Norman Tebbit: I quite fancy my brother, why can’t brothers marry each other if gays can

Illustrated rainbow pride flag on a white background.

The former Conservative Party chairman Lord Norman Tebbit has launched a foul-mouthed attack on David Cameron, claiming the prime minister has “fucked things up” over the Marriage (Same Sex Couples) Bill. He also suggested that brothers should be allowed to marry each other if gays can.

Yesterday, the bill risked being derailed and required the support of Labour MPs to overcome a potentially lethal wrecking amendment.

In an interview with the Big Issue magazine Lord Tebbit said ministers had alienated traditional Tory voters.

The party leadership “fucked things up,” Lord Tebbit remarked, adding that the UK Independence Party would pick up support as a result.

A new opinion poll last night put UKIP just two points behind the Conservatives.

Lord Tebbit said: ‘If [UKIP] make significant gains in the European elections, I know there’s people rich enough to get involved and fund a significant campaign at a general election.”

Discussing the impact of legalising equal marriage, Lord Tebbit suggested it be extended to family members.

He said: “It’s like one of my colleagues said: we’ve got to make these same-sex marriages available to all. It would lift my worries about inheritance tax because maybe I’d be allowed to marry my son. Why not?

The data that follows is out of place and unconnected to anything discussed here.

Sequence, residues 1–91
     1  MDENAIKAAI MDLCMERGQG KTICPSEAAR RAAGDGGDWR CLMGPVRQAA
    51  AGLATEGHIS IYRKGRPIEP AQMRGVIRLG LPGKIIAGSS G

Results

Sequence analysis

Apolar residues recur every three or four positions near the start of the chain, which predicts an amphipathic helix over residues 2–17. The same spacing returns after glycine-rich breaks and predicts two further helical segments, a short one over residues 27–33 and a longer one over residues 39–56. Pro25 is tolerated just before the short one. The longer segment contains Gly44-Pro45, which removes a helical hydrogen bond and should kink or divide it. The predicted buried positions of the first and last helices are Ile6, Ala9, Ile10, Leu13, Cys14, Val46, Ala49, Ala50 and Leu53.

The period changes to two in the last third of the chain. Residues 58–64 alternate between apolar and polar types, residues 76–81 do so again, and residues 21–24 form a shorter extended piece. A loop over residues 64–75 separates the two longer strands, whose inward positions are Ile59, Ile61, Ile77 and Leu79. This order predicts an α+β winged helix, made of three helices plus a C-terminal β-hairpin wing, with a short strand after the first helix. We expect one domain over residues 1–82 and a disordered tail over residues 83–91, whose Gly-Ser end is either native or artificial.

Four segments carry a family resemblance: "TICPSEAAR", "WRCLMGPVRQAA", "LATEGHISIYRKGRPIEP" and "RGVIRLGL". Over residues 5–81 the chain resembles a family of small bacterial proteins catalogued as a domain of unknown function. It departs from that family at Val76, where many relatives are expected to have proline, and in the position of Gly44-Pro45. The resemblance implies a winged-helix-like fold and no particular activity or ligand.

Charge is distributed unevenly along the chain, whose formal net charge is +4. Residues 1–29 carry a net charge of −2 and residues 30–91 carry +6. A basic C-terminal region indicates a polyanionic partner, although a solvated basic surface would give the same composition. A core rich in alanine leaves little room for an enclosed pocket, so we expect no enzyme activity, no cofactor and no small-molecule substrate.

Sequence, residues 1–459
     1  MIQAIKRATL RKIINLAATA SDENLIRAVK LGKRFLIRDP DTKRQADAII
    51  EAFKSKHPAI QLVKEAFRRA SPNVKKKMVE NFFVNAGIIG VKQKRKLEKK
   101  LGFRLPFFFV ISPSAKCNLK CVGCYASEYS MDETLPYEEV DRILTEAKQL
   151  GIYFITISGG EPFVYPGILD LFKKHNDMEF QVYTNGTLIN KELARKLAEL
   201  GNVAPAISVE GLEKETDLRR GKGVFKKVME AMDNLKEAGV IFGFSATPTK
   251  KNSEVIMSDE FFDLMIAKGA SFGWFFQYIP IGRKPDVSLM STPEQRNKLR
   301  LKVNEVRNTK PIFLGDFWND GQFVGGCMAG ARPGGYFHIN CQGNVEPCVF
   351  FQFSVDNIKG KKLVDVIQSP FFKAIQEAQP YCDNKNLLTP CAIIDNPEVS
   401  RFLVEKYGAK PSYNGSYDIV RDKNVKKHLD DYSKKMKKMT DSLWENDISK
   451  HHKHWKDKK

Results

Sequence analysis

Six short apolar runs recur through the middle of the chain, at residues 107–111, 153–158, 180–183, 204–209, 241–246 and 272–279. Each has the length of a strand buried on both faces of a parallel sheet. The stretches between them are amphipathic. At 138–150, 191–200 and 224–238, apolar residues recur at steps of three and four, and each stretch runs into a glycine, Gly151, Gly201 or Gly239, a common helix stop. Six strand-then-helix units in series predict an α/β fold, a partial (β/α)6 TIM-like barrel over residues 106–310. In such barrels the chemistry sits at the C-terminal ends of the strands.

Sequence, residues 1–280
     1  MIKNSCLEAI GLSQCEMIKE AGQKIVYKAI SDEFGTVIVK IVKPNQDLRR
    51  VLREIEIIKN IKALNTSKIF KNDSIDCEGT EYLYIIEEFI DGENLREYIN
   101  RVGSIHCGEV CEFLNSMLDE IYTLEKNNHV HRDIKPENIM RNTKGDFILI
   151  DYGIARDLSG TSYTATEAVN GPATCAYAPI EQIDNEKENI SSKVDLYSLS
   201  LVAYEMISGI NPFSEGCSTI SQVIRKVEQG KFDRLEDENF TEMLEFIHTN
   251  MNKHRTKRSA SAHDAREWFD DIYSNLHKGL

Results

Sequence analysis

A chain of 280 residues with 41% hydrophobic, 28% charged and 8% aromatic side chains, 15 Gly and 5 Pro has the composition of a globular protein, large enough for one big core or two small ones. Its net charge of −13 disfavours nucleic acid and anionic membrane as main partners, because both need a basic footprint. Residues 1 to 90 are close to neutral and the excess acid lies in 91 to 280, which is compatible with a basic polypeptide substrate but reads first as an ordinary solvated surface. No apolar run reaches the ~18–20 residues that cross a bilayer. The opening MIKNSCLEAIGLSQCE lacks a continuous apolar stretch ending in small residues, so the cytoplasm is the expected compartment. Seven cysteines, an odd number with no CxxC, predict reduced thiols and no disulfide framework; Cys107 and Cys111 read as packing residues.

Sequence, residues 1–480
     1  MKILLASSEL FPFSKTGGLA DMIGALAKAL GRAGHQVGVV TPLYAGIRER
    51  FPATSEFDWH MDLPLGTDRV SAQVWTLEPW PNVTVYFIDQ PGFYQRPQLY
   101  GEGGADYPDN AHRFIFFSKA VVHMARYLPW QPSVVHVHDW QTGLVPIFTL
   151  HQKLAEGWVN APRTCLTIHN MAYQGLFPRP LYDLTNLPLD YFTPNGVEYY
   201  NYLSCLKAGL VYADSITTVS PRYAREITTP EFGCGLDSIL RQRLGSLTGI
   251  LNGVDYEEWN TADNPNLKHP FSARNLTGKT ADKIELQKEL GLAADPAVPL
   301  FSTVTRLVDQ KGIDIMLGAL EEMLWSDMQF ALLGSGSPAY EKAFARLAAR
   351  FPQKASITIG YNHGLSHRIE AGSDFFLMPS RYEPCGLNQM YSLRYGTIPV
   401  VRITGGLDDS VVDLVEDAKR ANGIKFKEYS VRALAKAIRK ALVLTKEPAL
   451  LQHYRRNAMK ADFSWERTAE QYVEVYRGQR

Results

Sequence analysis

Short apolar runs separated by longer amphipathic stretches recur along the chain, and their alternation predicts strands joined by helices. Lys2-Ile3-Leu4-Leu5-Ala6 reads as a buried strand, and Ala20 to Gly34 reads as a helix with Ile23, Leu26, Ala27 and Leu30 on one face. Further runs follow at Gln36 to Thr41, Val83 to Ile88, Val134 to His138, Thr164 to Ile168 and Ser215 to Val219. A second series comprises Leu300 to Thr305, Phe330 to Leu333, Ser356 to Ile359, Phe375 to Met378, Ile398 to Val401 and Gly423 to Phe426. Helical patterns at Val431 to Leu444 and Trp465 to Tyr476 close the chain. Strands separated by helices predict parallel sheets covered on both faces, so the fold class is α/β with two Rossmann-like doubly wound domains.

“Why shouldn’t a mother marry her daughter? Why shouldn’t two elderly sisters living together marry each other? I quite fancy my brother!”

Lord Tebbit also questioned whether the reforms could cause chaos when combined with changes to the rules of succession.

“I said to a minister I know: “Have you thought this through? Because you’re doing the law of succession, too.”

Lord Tebbit said: “When we have a queen who is a lesbian and she marries another lady and then decides she would like to have a child and someone donates sperm and she gives birth to a child, is that child heir to the throne?”

Last month, Lord Tebbit told a reader that the ban on same-sex marriage is not discriminatory, but the current system of not allowing heterosexual couples to enter into a civil partnership is.

The Marriage (Same Sex Couples) Bill is to receive a third and final Commons reading throughout this afternoon and evening.